Did You Know?
Argy-bargy and its slightly older variant argle-bargle have been a part of British English since the second half of the 19th century. Argy and argle evolved in certain English and Scottish dialects as variant forms of argue. As far as we can tell, bargy and bargle never existed as independent words; they only came to life with the compounds as singsong reduplications of argy and argle. Some other colorful words that can be used for a dispute in English are squabble, contretemps, and donnybrook.
The tenants got into a bit of an argy-bargy over their shared porch.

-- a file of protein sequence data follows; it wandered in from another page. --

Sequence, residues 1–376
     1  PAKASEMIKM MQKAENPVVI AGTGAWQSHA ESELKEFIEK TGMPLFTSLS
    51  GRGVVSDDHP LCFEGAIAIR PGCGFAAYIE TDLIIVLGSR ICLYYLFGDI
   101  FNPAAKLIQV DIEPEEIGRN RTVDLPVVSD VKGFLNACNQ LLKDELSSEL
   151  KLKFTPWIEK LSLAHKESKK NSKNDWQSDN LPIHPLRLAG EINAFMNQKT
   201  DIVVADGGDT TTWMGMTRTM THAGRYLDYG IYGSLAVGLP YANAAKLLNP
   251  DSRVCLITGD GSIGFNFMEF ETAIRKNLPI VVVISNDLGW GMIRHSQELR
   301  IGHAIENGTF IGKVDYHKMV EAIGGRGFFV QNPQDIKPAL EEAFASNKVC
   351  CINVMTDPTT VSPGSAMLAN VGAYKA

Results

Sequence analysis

"I would object to the leaders' debates much less if they took place only on the radio. Then there wouldn't be all the argy-bargy about who stands where, wearing what." — Charles Moore, The Daily Telegraph (London), 24 Apr. 2017
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Fill in the blanks to complete a word for a dispute over words: l _ g _ m _ _ hy.VIEW THE ANSWER
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